For the past forty years, the moral grounds for legally sanctioned executions haveÂ been passionately argued by proponents and opponents, with opponents making slow gains. Beginning in 2011, approximately one state per year has abolished capital punishment – IllinoisÂ in 2011,ConnecticutÂ in 2012, MarylandÂ in 2013 and NebraskaÂ in 2015. Yet, in spite of the slow drift, thirty-one states presently enforce the death penalty, and nearly 3,000 inmates are waiting for their sentences to be carried out.
According to the host of CNN’s ‘Legal View’, and former anchor for CourtTV, Ashleigh Banfield, the time has come to put facts ahead of moral arguments, “It’s not so much about the philosophy behind whether the death penalty is right orwrong. I still go back and forth about that,” admitted Banfield. “We’re really good with crime-fighting tools, which makes you think we’re getting better and better at being more accurate when we make the ultimate decision to take someone’s life. The truth of the matter is, we might be really good with the science, but we’re really bad at handling the science.Â I’ve witnessed time and time again catastrophicÂ failures of “perfect material” – meaning the material is perfect, but the people aren’t.”
Banfield asserts that any margin of error is cause enough to take death off the table.Â But what, exactly, is the ‘margin of error’ when it comes to death penalty convictions?
Here, the facts speak for themselves:Â Since 1973, new DNA evidence has lead to overturning 130 death row convictions.Â Last week the advocate group, Project Innocence, reportedÂ that errors in handling and testing scientific evidence have played a role in 46 percent of wrongful convictions. Translation: half of the wrongful convictions are due to human error. “It’s not about how bad the guy (or gal) is we’re prosecuting, – it’s about how good we are at doing it.Â And we’re not.Â We make too many mistakes. Â Until the imperfect people operating the court systems become perfect, I really have an issue with pulling the lever,” said Banfield.
When it comes to arguing the facts, the number of human errors isn’t the only data mounting in favor of abandoning capital punishment.Â The popular notion that the death penalty acts as a deterrent to violent crime is also under fire.Â In 2014, eighty percent of all executions were performed in the South â yet theses same states reported the highest murder rates in the country. By contrast, states in the Northeast responsible for less than 1 percent of all executions reported the lowest murder rates. Similar studies also reveal the same inverse relationship between the death penalty and heinous offenses – causing the National Research Council on the National Academies to state â after more than three decades of research – that any claim that capital punishment is a deterrent is “fundamentally flawed” and should not inform public policy.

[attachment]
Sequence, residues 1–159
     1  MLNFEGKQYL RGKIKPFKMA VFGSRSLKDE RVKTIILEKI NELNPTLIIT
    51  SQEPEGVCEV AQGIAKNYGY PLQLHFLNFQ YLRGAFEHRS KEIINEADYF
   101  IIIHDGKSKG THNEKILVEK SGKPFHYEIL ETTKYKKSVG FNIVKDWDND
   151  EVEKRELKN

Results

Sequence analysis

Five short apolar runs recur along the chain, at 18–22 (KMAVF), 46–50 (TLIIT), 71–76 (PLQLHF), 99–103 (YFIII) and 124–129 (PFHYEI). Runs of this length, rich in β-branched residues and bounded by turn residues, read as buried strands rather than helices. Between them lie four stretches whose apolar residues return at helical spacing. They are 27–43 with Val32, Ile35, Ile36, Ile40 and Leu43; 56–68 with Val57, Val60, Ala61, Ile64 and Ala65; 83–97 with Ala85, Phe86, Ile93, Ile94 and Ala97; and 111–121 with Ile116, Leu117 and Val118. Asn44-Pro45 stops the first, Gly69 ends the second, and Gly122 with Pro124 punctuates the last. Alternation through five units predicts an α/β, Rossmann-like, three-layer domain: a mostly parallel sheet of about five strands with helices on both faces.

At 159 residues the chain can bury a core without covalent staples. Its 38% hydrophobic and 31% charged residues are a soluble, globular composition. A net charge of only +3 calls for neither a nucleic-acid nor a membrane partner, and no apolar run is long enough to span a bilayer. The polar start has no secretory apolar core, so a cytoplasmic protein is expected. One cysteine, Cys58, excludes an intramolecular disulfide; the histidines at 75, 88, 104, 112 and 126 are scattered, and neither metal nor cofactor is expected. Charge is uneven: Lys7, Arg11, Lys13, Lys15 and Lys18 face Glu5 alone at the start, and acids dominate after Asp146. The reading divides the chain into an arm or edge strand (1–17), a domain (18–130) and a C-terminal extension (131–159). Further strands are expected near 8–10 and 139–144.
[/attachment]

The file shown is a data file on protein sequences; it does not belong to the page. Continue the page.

And then there’s the economic argument for capital punishment. As if growing evidence of human error and the fact that the death penalty does not deter crime isn’t enough, recently, the Palm Beach Post reported the death penalty costs Florida $51 million a year more than the cost of imposing life sentences on all first-degree murderers. Â It turns out it’s much less expensive to warehouse a lifer than execute them. And bear in mind, that’s only the cost of carrying out the sentence. The Kansas Judicial Council reminds us that the cost of death penalty defense is about $400,000 – compared to $100,000 to defend a non-death penalty case. Â “Most people think it’s cheaper just to kill people. It is about ten times more on average the cost to kill someone. It (also) takes 20 years on average to kill someone – because our Constitution guarantees you have your right to fair justice … This means an automatic appeal whether you want it or not,” said Banfield.
But among all the facts that make it difficult to argue in favor of capital punishment is America’s standing among other nations thatÂ embrace the death penalty.Â Today, the U.S. ranks fifth in executions behind countries with which the U.S. shares little else in common: Iran, Saudi Arabia, Iraq and China. More importantly, the American government executes more citizens than nations criticized for their brutal, corrupt regimes such as North Korea, Pakistan, Afghanistan, and Yemen. Â According to Banfield, “It’s sobering when people discover we belong to a dubious club of those in the world who sanction the death penalty.” Though there’s no easy way to determine the effect capital punishment has on U.S. moral authority abroad, it certainly poses a challenge when America attempts to address human right issues in countries thatÂ have no death penalty.
The bottom line? Once the moral issue of whether the death penalty is right or wrong is set aside,Â it’s easy to see why opponents likeÂ Banfield feel the argument can be put to rest.Â Capital punish-ment does not serve as a deterrent, it is not economical, it affects the country’s ability to ‘lead by example‘ and most importantly the process leading to conviction is error prone.Â When it comes to something as conclusive as imposing a death sentence Banfield offers a sternÂ warning: “You don’t get a mulligan (a second chance) when you screw up!”